Recently I was up in Victoria, B.C., at the City Hall there, and I noticed a plaque outside the front doors, looking like it didn’t belong there because it was mounted up on a pedestal.
It turns out the plaque is filling in for a statue that used to be on the pedestal, and which the Victoria City Council voted to cart off to the basement, amid protests, a few years back.
The plaque was there to explain: The city removed “the statue of Sir John A. Macdonald from the front doors of City Hall, while the City, the [First] Nations and the wider community grapple with Macdonald’s complex history as both the first Prime Minister of Canada, and a leader of violence against Indigenous Peoples.”
So they took down the Canadian equivalent of George Washington. In Macdonald’s case, he was a father of the country, but also of the Canadian “residential schools” that separated Indigenous children from their families, resulting in a horrific legacy of abuse which Canada is still grappling with today.
The plaque listed a website, which has detail about Macdonald’s positive contributions, and also a “truth and reconciliation” process examining his bad deeds. Victoria is still struggling, four years later, to decide what to do with this tangled history, and ultimately with the statue.
I bring all this up because this past week, on Tuesday, students at the University of Washington in Seattle called on their school to do a similar public reckoning with a pivotal moment in this city’s history.
The student senate voted overwhelmingly that the UW continues, today, to “white-wash” its telling of the 1909 Alaska-Yukon-Pacific Exposition. That’s the world’s fair that put Seattle on the post-gold rush map, and created the grand layout of the UW campus.
The students requested the UW take down several plaques and historical displays that glorify this exposition, and, like Victoria, replace them with something that also points to the fair’s exploitative side.
“As a UW student I am embarrassed and ashamed,” one student told the UW Daily — both about the history, he said, and also not knowing about it.
That history is indeed problematic. Fairs and expos at that time were obsessed with presenting human exhibits — either carnival “freak shows” or, in this case, living displays of tribespeople from around the world.
According to author Claire Prentice, a cottage industry of carnival showmen sprang up who would travel to far-flung spots and bring back Indigenous people, presumably voluntarily, so fairgoers could gawk at them.
Seattle’s expo had at least two such exhibits — “Igorrote Village,” located just west of where UW Medical Center is today, and another called “Eskimo Village,” about where the physics building is today along 15th Avenue Northeast.
Here people bought tickets to see mocked-up tribal villages where men, women and children lived for four months on display. The Igorot (today’s spelling), from the Philippines, would for example dance and throw spears for the crowds.
The northern village featured Inuit people from Alaska, Yup’ik people from Siberia and others who were dressed in pelts and furs and called on to perform everything from leapfrogging to sled dog rides.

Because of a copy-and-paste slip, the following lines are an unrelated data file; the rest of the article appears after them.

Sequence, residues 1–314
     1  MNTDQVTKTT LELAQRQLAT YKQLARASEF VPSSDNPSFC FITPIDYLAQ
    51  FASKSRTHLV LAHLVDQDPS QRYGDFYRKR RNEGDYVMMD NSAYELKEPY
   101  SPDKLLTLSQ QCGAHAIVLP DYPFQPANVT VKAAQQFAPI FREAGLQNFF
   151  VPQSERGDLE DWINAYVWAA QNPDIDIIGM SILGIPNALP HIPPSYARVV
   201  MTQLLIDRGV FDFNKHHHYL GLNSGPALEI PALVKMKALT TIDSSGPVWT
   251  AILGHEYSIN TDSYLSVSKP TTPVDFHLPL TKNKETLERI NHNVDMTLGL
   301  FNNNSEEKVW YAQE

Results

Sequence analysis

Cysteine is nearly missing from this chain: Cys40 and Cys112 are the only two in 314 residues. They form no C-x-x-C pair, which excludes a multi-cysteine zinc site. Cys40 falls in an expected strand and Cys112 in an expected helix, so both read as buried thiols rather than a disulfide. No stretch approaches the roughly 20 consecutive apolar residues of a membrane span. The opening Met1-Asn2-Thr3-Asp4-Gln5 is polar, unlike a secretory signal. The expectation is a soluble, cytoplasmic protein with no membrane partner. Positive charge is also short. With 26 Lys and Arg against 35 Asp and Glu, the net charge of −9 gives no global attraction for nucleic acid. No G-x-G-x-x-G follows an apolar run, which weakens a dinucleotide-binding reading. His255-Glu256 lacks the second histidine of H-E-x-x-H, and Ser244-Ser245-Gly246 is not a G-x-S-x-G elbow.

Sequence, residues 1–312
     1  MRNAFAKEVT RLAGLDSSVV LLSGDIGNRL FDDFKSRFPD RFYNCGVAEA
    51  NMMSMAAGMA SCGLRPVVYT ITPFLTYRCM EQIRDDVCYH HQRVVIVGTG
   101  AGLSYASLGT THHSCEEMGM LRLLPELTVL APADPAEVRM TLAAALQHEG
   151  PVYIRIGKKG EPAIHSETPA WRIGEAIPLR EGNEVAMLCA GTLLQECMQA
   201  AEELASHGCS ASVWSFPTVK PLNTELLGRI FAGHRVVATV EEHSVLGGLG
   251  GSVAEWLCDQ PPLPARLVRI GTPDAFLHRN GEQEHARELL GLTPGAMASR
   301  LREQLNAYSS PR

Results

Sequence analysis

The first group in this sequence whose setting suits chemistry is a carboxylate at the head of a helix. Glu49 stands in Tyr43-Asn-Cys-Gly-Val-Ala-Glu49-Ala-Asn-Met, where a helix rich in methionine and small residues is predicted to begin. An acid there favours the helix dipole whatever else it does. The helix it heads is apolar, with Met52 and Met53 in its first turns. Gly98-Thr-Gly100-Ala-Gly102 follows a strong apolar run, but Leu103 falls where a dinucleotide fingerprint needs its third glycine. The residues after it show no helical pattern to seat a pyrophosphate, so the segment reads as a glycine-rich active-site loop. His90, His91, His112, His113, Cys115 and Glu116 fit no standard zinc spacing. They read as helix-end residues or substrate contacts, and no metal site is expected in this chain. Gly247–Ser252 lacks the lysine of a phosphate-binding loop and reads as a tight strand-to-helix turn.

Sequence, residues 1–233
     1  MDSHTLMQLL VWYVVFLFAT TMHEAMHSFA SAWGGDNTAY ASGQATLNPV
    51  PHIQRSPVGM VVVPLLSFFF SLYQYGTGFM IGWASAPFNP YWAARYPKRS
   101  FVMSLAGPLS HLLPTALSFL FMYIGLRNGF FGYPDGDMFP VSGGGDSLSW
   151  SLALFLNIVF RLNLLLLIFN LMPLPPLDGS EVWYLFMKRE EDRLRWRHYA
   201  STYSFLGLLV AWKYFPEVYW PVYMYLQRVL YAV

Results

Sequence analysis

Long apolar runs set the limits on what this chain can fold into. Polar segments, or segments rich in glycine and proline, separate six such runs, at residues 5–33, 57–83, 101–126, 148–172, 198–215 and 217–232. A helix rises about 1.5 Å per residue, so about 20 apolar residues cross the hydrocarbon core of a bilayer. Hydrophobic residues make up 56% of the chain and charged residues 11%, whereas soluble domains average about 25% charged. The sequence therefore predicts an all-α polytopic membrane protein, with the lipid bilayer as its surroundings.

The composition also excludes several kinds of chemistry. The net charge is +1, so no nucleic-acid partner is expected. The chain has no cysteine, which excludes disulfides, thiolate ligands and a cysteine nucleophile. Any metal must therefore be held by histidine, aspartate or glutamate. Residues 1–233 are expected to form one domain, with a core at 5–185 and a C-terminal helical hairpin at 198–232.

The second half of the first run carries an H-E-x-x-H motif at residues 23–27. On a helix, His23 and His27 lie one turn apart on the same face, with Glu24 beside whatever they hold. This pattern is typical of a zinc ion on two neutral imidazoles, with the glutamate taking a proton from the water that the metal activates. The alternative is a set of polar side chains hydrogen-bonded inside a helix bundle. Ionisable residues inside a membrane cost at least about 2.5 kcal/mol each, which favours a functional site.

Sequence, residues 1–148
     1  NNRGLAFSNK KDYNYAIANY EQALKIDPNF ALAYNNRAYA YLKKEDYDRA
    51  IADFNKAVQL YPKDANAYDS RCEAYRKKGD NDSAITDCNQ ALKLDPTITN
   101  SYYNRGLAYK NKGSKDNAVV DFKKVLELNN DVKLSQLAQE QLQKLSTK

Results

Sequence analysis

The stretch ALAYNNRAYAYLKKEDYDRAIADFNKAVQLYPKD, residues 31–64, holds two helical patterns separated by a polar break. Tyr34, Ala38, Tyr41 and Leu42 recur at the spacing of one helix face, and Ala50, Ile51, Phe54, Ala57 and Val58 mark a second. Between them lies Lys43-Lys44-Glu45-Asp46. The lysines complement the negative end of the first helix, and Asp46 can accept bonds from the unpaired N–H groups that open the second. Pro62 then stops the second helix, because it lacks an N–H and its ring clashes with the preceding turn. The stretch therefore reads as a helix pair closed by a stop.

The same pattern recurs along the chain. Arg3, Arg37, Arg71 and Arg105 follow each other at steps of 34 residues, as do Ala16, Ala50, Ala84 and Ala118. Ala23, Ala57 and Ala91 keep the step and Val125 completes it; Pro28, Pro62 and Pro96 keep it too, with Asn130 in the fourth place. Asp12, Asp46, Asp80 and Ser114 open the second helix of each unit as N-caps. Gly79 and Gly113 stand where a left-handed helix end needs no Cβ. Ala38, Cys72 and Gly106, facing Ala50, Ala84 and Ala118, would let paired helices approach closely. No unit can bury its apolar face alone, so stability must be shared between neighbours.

As the students point out, women gave birth in these villages, and several babies died of disease, apparently after being passed around by fairgoers as part of the attraction.
As a UW Libraries digital history notes, these human exhibits were the most popular at a fair that drew 3.7 million visitors.
“Without a doubt, the greatest benefactor from the AYP was the University of Washington,” says the online history. “Whenever you come onto the campus … you are surrounded by the legacy of the Alaska Yukon Pacific Exposition.”
Yet as the students note, there’s no acknowledgment on plaques on campus about the exploitation at the heart of this event, and only shallow mention in some historical displays.
“One has to be already aware of the Alaska-Yukon-Pacific Exposition’s racist legacy in order to know of the events that exploited Indigenous peoples for profit,” wrote the students, who included members of UW’s American Indian and Filipino American student groups.
For the fair’s centennial in 2009, the UW’s Burke Museum did do an exhibition, “A-Y-P: Indigenous Voices Reply,” about its tainted history. And while within five years of the Seattle fair the Philippines had banned the exhibition of Filipino tribespeople abroad, some Inuit people went on to appear in other fairs and in movies, according to a nuanced account of their experiences by history professor Lisa Blee.
The students called on the UW to apologize, which, to me, is beside the point. Nobody alive was involved in this. But the students are absolutely right that this history, where colonialism, racism and entertainment converged to birth the UW campus, ought to be memorialized.
Recently there have been states passing legislation to bar discussion of uncomfortable history. We had a bill proposed in the Washington Legislature this session seeking to stop instruction on topics that might cause any student to “feel guilt, anguish, or any other form of psychological distress on account of the individual’s race or sex.” (It did not pass.)
But I’d say the folks in Victoria are doing it about right. Don’t erase bad history — engage it head-on. Don’t just take down the statues or the whitewashing plaques. Put up something that points closer to the full story. And also explains why you’re telling it — guilt, anguish, distress and all.
Sanitizing discussions of history with book bans and “anti-woke” acts is all the political rage right now. The best part of this story? The kids at the UW are signaling they’re having none of that fad.